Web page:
Metro’s Property & Home pages have featured some incredible self-build projects, inspired by an extraordinary array of influences: Disneyland, the palettes used by Renaissance painters’ pigments, favourite nightclub dance floors and the Burning Man festival, to name just a few.
When David Dootson was dreaming up his own home, however, his long career as a top video-game developer was the driving force.
‘I drew on those skills of visualising space, creating a sense of excitement and always being one step ahead,’ he says. ‘I live for all things tech, so created a minutely detailed 3D model, from the outside in, and presented it to my architects so they could draw up plans and get it built.’
David’s vision, for which he used software SketchUp, was for a 10,300sq ft largely glass, ultra-contemporary mansion, in Over Alderley, about 17 miles from central Manchester. The main player in this home-build odyssey, with a majestic, curved elevation, five bedrooms, eight bathrooms and four receptions, it also had an equally important backstory – 16 acres of lush rural Cheshire.
‘I had been living in Wilmslow, in a 1930s house, but had always had a hankering to create something really modern,’ says David, who made his name creating boundary-busting Lego games and Transformers for PlayStation at TT Games.
‘I was struggling to find a plot, so took long drives in the countryside around Manchester, exploring back roads. I had spotted this site and admired it, so when it came up for sale, I knew this was it. The 270-degree panoramic views to the Cheshire Plain and hills beyond was so awe-inspiring, the design came naturally to me.’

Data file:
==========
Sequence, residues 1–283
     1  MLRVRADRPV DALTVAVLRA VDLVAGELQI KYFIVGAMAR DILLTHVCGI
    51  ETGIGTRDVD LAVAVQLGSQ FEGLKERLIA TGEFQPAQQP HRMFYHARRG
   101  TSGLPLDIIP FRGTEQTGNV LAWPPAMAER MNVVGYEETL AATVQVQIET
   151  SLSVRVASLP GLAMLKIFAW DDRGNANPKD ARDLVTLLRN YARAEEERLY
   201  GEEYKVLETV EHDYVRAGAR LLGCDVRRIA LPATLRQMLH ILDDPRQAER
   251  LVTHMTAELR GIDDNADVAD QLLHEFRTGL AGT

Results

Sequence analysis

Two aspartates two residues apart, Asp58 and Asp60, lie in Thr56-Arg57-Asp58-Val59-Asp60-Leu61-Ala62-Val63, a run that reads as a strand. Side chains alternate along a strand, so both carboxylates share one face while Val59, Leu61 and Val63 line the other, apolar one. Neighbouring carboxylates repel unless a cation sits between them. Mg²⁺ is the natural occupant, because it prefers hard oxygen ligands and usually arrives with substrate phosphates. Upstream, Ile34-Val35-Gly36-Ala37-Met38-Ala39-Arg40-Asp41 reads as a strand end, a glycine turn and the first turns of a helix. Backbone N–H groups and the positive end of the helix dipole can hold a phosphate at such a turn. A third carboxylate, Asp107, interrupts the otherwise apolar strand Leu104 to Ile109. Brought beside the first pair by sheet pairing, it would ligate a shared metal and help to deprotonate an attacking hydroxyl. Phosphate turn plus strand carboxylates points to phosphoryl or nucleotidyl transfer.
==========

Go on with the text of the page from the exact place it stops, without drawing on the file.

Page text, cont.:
In 2013, with a budget beyond most self-builders, David bought the site – which came with an old, dark, low-ceilinged farmhouse – for about £2.1million. It was a highly risky move, however, as it didn’t come with planning permission for demolishing the existing site and building a new house. ‘I suppose I thought I could knock the old farmhouse around a bit and extend it if necessary, but I knew it would be a huge compromise,’ he says.
Incredibly, the plans, drawn up by Altrincham and Brighton-based architecture firm Pozzoni, proved an instant hit. ‘For what could have been a really contentious project, I received the go-ahead from Cheshire East Council within eight weeks,’ David says, ‘although a few tweaks were later made, such as removing an impractical spiral staircase on the exterior of the home. This meant submitting plans all over again.’
The fact that David was prepared to spend £5million on the build and interiors, only using the finest materials, could well have helped sway the planners this was to be a high-end project. By the summer of 2014, then, construction had begun – but for David, who had no experience building a home, the stress had set in.
‘I really enjoyed the design process, as I have always loved problem solving,’ says David, whose father bought him a Commodore VIC-20, an early home computer, in the 1980s, inspiring in him a love of programming and gaming.